score = own['score']


To upload a score.
Again it can take a moment or two to upload so it’s good to do this at a time when there isn’t anything happening on screen. Instead of when your player dies, it can be best to send a request when you press space to restart, or when you exit to the main menu or whatever.

You can set the high score table manually if you have more than one by including the table_id. You can also allow guest scoring (people who didn’t log in) by using guest=True, guestname=‘guest’
In fact if you can’t get anything else to work or you don’t want the fuss of people having to set thier user name and token, you can still use your game ID and private key with a blank ID and game token to log in to game jolt and add scores for guest users.

Here’s the format you should follow:

addScores(score, sort, table_id=None, extra_data='', guest=False, guestname='')

You can fetch scores for the game too, so they can be displayed in your game. In that case use:

fetchScores(<i>limit=10</i>, <i>table_id=None</i>, <i>user_info_only=False</i>)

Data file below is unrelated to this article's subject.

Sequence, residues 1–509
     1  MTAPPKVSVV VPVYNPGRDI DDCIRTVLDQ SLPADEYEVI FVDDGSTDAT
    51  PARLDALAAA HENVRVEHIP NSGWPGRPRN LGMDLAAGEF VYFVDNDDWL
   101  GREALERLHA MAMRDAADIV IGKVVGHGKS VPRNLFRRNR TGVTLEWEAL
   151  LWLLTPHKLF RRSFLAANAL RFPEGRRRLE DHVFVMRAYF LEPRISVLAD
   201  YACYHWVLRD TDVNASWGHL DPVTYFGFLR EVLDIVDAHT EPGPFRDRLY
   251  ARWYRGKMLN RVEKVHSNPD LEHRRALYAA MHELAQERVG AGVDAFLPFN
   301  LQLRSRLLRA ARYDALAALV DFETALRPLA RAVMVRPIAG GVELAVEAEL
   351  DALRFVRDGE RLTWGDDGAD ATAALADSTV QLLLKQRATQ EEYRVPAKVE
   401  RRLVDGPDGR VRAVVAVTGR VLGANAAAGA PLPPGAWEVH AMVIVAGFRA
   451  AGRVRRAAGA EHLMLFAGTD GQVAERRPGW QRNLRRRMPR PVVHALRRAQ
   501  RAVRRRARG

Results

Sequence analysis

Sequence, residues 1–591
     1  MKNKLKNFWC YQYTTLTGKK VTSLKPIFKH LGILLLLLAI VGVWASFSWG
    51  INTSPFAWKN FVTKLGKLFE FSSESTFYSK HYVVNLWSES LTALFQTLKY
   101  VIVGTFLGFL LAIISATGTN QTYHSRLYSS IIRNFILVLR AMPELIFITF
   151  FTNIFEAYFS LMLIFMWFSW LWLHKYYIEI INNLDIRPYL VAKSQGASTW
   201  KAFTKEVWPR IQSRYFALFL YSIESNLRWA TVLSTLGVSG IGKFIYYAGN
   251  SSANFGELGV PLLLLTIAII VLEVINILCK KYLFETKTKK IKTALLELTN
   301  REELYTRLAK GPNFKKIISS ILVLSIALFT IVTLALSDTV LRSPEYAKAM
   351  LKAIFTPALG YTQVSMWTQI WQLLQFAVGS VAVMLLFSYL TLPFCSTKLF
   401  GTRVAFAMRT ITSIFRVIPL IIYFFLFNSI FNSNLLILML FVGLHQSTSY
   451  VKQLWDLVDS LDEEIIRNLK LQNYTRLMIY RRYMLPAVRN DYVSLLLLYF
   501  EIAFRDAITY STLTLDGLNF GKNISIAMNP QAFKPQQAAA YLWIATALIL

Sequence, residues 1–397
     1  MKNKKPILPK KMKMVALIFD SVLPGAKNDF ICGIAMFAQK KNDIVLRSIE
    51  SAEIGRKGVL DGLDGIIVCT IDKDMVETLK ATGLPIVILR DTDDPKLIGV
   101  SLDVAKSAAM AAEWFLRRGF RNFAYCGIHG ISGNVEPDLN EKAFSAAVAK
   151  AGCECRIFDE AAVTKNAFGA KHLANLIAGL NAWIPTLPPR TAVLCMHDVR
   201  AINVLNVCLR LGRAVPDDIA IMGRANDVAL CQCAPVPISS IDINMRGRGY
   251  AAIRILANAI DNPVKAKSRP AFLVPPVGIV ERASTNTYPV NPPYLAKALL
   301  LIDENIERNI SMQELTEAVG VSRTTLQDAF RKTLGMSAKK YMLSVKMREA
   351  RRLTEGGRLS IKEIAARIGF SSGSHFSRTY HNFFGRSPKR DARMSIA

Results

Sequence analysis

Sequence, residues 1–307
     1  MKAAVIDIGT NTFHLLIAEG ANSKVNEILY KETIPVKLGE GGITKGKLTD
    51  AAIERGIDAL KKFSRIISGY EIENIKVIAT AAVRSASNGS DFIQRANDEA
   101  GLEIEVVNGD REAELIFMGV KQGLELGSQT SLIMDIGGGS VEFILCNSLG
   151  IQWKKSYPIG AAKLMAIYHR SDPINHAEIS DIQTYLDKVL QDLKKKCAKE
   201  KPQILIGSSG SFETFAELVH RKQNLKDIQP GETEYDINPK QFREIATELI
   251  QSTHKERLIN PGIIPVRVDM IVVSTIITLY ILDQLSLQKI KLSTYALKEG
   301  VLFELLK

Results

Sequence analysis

which will return a dictionary with two items:
success and scores.

Success tells you if it found the scores, and scores is just a list of scoring info.

if scores['success']:
    scoreboard = scores['scores']
    scoreboard = []

I’m sure you can think of ways to display this info in a scoreboard in your game. :stuck_out_tongue:

There are also the trophies.

You need to set up the trophies in Gamejolt first, as that will give you the trophy ID. You need it to set a trophy as achieved. You can go back and edit them later, adding a trophy image and other info as you like.

Again adding trophies is as simple as making a call you your game jolt object:

Remember, making a call to the gamejolt website takes quite a bit of time. So don’t do the check often.
In my case I make the call when you start a new level, but you could make it happen when you pick up a certain object, or kill a special enemy or whatever. The best time though is when starting or leaving a scene, as the normal lag of loading a new scene hides the lag of sending a message to game jolt.

As with score you can get a list of a player’s trophies to display in game.

fetchTrophy(<i>achieved=None</i>, <i>trophy=None</i>)

***game data:

After testing it seems you can’t send game data with any spaces. So we have to convert the string to have a dummy character which we convert back when loading.

If you store the gamelogic dictionary as json first, then use replace on the json.dumps(data) object, you can save it just fine.
Then fetch it, replace the filler with spaces and then use json.loads(data) to get a dictionary with properly formatted items.

import json

### save

data_file = {"something":(12,"x",-12),"other":["this is 
 a test"]}

data_item = json.dumps(data_file)

converted = data_item.replace(" ","%20")